Recalls stink. At least Pfizer's did. In March, the company ($PFE) voluntarily pulled more than 650,000 bottles of Advil gel tabs from stores because they had a strong odor, according to a notice on the FDA website.
The notice says the "enzymatic hydrolysis time" was too long during processing, which may have caused the smell.
In a telephone interview, Pfizer spokeswoman Jenifer Antonacci said the company became aware of the problem after getting some calls from consumers. "They said they would open the bottles and smell the odor." From that, the company was able to identify the problem, isolate it to 8 lots and notify distributors, who retrieved the packages from store shelves, Antonacci said.
The Advil Liqui-Gels were manufactured by Catalent Argentina, the FDA notice says.
Pfizer's recall accounted for only a fraction of the over-the-counter (OTC) products that had to be returned to the manufacturer in the first quarter, according to a recent report from Stericycle ExpertRECALL, which helps companies with recalls and also tracks the quarterly statistics. It said of the 150 million units recalled in the first quarter, 141 million were OTC products, a 63% jump in the number of units from the previous quarter.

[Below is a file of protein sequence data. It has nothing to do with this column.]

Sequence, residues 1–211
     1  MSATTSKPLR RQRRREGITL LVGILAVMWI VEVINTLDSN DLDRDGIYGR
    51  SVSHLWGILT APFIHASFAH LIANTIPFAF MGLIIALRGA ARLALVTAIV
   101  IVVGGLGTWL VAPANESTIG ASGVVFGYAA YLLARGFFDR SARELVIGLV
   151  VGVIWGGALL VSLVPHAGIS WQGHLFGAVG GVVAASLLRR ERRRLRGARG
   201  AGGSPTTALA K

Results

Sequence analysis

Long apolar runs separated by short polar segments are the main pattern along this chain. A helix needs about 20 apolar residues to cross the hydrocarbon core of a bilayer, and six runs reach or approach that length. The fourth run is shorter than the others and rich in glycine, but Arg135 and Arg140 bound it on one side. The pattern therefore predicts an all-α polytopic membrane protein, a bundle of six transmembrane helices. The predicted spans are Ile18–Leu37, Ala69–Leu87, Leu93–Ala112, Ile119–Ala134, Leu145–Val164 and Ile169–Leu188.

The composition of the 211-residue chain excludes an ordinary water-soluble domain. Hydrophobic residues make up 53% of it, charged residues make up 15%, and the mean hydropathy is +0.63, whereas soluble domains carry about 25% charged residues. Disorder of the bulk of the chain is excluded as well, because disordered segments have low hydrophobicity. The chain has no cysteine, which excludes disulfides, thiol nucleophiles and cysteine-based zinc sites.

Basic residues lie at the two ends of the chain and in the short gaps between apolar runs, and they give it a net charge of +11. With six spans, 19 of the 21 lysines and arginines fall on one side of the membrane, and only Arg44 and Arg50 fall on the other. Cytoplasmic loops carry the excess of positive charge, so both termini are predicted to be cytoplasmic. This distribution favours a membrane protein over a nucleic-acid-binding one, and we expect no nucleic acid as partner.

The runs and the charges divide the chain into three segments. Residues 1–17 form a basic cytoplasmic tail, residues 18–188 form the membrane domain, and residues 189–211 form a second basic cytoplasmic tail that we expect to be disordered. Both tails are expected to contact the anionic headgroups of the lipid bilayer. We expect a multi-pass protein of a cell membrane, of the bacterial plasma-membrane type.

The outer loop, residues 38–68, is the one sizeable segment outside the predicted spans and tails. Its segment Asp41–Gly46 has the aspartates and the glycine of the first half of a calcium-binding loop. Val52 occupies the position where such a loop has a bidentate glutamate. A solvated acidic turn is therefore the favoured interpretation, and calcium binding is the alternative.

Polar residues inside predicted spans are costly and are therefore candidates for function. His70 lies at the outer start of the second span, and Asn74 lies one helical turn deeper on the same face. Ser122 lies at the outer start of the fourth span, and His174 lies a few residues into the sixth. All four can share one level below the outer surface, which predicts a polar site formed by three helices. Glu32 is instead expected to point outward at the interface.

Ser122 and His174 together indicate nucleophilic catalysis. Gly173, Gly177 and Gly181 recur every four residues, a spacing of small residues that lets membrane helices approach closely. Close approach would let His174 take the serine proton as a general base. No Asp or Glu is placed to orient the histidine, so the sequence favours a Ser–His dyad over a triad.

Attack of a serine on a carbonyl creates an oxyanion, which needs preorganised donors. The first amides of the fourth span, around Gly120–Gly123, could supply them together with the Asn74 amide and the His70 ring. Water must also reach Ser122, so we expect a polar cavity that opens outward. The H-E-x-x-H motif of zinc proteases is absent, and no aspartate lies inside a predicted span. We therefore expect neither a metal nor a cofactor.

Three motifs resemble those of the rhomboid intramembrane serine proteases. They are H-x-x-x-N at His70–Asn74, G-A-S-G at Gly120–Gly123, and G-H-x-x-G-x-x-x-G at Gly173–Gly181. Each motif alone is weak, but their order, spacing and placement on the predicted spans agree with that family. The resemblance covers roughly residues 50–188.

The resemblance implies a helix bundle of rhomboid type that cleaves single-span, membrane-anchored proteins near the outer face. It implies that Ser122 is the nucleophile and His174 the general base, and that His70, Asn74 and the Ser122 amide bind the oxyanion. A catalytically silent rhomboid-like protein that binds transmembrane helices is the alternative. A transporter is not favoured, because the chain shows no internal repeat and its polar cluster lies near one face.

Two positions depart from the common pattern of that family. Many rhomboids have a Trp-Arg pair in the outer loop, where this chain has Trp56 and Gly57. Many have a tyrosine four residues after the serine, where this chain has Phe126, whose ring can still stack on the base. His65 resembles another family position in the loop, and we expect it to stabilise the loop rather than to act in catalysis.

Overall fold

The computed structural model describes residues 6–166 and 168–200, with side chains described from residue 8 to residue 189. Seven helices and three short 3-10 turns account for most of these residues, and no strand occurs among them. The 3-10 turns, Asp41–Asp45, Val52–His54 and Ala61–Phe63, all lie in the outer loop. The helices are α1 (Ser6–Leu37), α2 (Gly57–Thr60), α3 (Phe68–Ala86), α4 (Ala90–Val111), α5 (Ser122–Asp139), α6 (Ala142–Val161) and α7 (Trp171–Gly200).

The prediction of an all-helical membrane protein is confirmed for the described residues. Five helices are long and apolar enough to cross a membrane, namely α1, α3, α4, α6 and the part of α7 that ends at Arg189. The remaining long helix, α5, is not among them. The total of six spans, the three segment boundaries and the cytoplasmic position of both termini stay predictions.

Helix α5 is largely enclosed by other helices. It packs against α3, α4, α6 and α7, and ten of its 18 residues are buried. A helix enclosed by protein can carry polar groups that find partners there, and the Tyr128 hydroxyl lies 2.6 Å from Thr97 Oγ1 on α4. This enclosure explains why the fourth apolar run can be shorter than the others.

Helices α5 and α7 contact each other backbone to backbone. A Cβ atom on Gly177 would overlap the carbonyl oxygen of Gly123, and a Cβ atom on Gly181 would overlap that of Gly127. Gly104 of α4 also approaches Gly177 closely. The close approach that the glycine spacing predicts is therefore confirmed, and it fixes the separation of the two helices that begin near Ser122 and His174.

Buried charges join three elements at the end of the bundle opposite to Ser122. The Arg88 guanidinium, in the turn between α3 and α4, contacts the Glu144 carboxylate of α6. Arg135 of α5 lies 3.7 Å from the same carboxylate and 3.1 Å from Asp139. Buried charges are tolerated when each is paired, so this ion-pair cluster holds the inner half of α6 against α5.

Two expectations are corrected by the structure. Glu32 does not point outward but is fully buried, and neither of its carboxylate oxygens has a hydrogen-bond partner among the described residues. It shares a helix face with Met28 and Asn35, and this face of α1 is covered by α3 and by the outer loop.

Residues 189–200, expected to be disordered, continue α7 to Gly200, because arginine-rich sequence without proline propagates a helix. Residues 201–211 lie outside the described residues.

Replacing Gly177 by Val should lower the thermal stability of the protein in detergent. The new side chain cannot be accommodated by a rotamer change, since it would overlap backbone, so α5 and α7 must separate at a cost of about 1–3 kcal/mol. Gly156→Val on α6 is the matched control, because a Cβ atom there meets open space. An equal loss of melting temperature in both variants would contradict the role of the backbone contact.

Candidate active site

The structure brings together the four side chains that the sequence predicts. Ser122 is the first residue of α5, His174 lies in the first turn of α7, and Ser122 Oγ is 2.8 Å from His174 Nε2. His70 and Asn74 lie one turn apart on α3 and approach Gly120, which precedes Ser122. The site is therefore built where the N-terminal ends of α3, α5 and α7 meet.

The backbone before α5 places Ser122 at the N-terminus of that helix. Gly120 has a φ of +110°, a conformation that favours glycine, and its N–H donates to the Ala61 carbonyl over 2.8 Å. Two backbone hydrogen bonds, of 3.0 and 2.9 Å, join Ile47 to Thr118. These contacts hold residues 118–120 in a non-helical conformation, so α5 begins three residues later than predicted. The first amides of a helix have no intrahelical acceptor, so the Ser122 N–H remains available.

While the report did not identify the sources of the recalls, according to the FDA the biggest action was Novartis' ($NVS) January recall of millions of units of products. This recall included the entire line of Excedrin. Among other problems, there was a chance that chipped particles of one drug made it into the bottles of other drugs.